'Korea: Cubically Imagined' shows the power and limitations of VR art

The exhibition uses virtual reality to put visitors in immersive Korean art and pop culture — with a few hiccups.

Korea: Cubically Imagined is an immersive exhibition highlighting Korean art and pop culture with future-forward mediums. Virtual reality and innovative projections take center stage.

The exhibition covers a lot of ground — everything from animated paintings to a BTS concert experienced through VR.

(What would a Korean art exhibition be without an Instagram-ready BTS scene, really?)

Some of the exhibition’s most exciting pieces use VR headsets to create truly engaging experiences.

Artist collective ROOMTONE’s In the Gray takes viewers through a surreal dream where interacting with objects is never what it seems.

Both In the Gray and the 360-degree BTS concert experience utilized Valve’s Index headset and controllers.

As a first-time user, I found the headset remarkably comfortable and the controllers pretty intuitive. The headset speakers are a nice extra-immersive touch.

Visitors are also greeted by the BTS concert playing in this enclosed screen space.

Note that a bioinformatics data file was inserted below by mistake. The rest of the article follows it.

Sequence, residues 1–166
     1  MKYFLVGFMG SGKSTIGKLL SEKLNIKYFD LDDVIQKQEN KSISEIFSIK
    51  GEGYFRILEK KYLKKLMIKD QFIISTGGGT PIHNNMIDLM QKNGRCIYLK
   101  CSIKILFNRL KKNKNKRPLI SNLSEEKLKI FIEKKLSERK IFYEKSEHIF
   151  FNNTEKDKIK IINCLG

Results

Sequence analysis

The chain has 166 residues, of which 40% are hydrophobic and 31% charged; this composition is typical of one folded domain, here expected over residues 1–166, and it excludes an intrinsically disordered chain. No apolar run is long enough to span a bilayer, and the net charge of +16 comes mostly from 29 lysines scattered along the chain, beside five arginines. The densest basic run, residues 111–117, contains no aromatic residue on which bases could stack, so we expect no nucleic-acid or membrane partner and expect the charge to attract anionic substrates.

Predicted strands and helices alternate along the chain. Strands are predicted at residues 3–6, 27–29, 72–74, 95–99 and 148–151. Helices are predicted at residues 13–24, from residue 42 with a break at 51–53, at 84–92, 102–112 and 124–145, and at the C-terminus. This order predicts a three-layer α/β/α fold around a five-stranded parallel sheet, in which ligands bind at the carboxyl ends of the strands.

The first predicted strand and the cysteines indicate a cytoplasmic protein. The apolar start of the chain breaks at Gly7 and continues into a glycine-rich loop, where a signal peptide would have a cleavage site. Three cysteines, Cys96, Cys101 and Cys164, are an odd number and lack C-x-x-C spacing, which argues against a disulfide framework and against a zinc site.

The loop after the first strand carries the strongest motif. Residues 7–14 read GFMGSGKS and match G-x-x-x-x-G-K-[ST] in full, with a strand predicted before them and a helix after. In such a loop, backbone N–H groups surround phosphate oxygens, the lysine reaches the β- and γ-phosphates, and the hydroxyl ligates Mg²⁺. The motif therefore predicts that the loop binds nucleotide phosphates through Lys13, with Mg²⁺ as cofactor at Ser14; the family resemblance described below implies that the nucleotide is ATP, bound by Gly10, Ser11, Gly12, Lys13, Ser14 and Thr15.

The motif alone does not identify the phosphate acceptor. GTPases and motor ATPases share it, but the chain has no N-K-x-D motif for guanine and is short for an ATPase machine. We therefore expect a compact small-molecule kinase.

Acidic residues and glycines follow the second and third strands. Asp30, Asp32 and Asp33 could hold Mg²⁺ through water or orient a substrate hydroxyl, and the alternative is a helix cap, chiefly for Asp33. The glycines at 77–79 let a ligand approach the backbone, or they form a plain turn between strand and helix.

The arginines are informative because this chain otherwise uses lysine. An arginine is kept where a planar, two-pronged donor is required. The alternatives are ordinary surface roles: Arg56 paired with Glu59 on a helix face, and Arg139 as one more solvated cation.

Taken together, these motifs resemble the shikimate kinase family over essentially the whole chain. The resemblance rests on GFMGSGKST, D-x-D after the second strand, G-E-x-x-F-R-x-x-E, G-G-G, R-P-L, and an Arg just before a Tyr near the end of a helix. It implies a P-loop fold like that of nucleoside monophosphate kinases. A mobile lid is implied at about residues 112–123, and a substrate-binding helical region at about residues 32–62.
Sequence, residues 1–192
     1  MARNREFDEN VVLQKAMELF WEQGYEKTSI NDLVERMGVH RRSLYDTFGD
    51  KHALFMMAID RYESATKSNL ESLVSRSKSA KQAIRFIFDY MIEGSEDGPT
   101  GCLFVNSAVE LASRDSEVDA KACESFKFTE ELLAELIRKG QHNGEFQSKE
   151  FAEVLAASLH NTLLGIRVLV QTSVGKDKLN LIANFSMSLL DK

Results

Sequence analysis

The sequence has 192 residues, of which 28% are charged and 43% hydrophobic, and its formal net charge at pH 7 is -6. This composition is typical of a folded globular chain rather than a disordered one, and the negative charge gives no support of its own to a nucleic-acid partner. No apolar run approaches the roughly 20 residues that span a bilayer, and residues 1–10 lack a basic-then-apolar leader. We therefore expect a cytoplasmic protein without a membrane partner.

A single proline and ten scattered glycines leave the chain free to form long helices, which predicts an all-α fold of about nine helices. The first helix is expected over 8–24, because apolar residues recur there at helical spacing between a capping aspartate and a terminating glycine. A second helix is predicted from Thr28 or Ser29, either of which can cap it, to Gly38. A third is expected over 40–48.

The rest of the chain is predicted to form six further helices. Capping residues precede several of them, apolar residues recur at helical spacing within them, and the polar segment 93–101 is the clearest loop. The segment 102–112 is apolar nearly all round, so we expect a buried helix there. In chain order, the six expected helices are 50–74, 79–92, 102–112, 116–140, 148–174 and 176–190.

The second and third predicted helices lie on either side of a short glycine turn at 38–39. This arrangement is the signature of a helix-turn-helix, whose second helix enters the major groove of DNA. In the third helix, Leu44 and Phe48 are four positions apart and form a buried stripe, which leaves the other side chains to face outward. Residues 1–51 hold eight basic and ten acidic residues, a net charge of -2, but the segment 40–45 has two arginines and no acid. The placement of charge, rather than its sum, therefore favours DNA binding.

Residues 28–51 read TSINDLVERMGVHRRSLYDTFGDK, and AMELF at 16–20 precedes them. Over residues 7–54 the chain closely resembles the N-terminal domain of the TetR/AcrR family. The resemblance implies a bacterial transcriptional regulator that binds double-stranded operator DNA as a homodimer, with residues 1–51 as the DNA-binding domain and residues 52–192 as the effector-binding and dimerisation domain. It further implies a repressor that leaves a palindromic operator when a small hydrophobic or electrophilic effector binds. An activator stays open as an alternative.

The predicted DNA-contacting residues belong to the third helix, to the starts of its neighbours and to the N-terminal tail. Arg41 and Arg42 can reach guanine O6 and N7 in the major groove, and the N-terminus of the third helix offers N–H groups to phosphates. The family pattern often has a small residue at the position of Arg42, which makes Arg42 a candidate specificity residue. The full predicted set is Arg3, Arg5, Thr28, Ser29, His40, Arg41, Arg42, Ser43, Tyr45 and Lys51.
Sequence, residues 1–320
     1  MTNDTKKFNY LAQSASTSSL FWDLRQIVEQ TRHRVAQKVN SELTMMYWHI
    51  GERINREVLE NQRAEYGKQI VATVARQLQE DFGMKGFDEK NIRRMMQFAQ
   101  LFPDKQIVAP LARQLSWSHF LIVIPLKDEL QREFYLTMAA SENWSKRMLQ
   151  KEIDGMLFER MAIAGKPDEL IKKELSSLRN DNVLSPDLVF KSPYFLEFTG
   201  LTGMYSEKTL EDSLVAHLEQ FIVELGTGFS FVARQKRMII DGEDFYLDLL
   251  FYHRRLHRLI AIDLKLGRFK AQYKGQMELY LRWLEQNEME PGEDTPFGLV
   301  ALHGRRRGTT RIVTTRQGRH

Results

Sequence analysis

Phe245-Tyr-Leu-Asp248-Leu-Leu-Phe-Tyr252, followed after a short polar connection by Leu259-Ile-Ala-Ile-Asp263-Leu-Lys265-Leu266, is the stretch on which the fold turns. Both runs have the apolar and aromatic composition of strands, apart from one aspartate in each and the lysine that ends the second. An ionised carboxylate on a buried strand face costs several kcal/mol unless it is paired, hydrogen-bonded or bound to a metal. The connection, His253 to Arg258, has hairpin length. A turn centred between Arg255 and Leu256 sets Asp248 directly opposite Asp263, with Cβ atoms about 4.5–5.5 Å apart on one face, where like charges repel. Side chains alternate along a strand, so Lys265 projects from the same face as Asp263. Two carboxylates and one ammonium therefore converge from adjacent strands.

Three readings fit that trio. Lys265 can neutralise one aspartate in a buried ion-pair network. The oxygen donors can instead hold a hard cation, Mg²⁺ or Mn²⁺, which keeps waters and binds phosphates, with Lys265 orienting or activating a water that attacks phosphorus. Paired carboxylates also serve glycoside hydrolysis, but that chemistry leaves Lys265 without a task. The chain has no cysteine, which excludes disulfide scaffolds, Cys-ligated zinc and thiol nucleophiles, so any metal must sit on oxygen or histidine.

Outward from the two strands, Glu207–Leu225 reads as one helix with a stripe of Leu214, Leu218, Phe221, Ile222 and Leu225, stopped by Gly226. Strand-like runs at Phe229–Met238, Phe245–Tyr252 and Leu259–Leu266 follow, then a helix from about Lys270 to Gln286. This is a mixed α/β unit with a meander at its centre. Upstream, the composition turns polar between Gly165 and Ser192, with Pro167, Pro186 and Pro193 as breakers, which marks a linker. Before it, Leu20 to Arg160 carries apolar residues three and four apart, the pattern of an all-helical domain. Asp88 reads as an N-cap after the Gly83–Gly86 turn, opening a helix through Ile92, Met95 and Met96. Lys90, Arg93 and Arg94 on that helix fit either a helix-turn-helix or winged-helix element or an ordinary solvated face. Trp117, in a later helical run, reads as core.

Three VR stations are available for the BTS experience. (Others only have one.)

Workers told me the BTS “army” (the band’s fans) lined up around the block when the exhibition visited Paris.

Another piece invites visitors to experience the iconic sets from Bong Joon-ho’s Oscar-winning film Parasite in virtual reality. Yes, even including the creepy basement and the fully flooded apartment.

The Parasite VR experience utilizes the Meta Quest 2 headset to throw visitors into the film’s unique world.

Other exhibits utilize complex projection systems and wall-sized screens to immerse visitors.

This is EASYWITH’s Moment in Art. Video doesn’t do it justice.

The National Museum of Korea’s Royal Procession with the People brings to life King Jeongjo’s procession in the late 18th century, whereby the King showed off his majesty and power.

The animation is based on the Joseon Dynasty’s extensive record of the trip.

The tech used for these pieces has its drawbacks, though.

Any light filtering in — and there was plenty when I visited — breaks the immersive spell.

The projector system sometimes struggles with more complex animations, skipping frames and, again, breaking that all-important illusion of immersion.

The exhibition’s VR pieces also have some shortcomings, these due mostly to programming and hardware limitations.

The program displaying the Parasite sets had to keep re-loading as the virtual tour progressed, while Into the Gray suffered from texture and animation issues throughout.

Each piece is also limited by the number of headsets and computers available to it. On busy days, visitors may end up waiting in lines longer than the experiences themselves.

As a whole, though, Korea: Cubically Imagined does showcase how VR and other immersive technologies can successfully be used for art’s sake.

It’s eye-opening as an introduction to contemporary Korean art, too.

The exhibition, which is free and open to the public, is in New York City until May 14. It will travel to other cities in the near future.

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